Description In 1894, J. de Morgan excavated several magnificent ancient pectorals from the tomb of Princess Mereret, daughter of Sesostris III, in Dahshur, Egypt. Soon after this discovery, this faithful replica was made. Unlike many Egyptianizing pieces, this example copies the details of the original without major errors or changes; only the size and material are slightly varied: silver and multicolored enamels replaced gold, carnelian, and faience. The brooch, in the form of a kiosk, gives the names of the pharaohs Sesostris III and Amenemhet III from the middle of the 12th Dynasty (19th century BC). Below the wings of a protective vulture, the pharaohs are depicted as humans slaying their enemies.
- Jewelry - Ancient to Modern. The Walters Art Gallery, Baltimore. 1979-1980.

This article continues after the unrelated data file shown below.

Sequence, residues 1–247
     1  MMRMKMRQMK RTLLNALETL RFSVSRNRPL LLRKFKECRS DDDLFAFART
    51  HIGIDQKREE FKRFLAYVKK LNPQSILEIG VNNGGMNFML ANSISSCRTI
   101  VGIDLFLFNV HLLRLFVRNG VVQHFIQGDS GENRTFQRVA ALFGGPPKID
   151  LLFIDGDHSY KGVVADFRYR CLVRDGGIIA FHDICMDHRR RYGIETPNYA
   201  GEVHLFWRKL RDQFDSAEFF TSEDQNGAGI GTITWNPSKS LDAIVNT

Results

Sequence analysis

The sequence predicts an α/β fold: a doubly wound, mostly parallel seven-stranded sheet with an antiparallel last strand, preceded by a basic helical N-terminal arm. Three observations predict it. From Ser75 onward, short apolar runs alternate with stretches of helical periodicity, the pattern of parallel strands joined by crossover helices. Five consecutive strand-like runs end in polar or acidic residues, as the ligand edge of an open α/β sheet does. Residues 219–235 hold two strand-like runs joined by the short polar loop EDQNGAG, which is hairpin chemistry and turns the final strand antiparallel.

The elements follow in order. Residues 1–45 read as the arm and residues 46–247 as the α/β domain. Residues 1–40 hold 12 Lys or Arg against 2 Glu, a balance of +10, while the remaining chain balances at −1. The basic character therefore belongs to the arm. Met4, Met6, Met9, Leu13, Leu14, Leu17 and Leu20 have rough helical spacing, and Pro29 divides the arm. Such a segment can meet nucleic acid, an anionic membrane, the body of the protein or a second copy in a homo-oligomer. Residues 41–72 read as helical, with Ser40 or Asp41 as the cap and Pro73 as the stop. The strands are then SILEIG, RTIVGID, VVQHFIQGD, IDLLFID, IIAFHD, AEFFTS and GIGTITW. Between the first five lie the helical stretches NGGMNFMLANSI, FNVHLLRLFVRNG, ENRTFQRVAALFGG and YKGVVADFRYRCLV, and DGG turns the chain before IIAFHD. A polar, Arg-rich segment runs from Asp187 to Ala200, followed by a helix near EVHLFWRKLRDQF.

- The Sphinx and the Lotus: The Egyptian Movement in American Decorative Arts, 1865-1935. Hudson River Museum of Westchester, Yonkers. 1990.
- Bedazzled: 5,000 Years of Jewelry from the Walters Art Museum. Frist Center for the Visual Arts, Nashville; The John and Mable Ringling Museum of Art, Sarasota; The Walters Art Museum, Baltimore. 2006-2009.
- Bedazzled: 5,000 Years of Jewelry. El Paso Museum of Art, El Paso. 2010.
Provenance Tiffany & Co., New York; Henry Walters, Baltimore, by purchase (?); Walters Art Museum, 1931, by bequest.
Credit Acquired by Henry Walters
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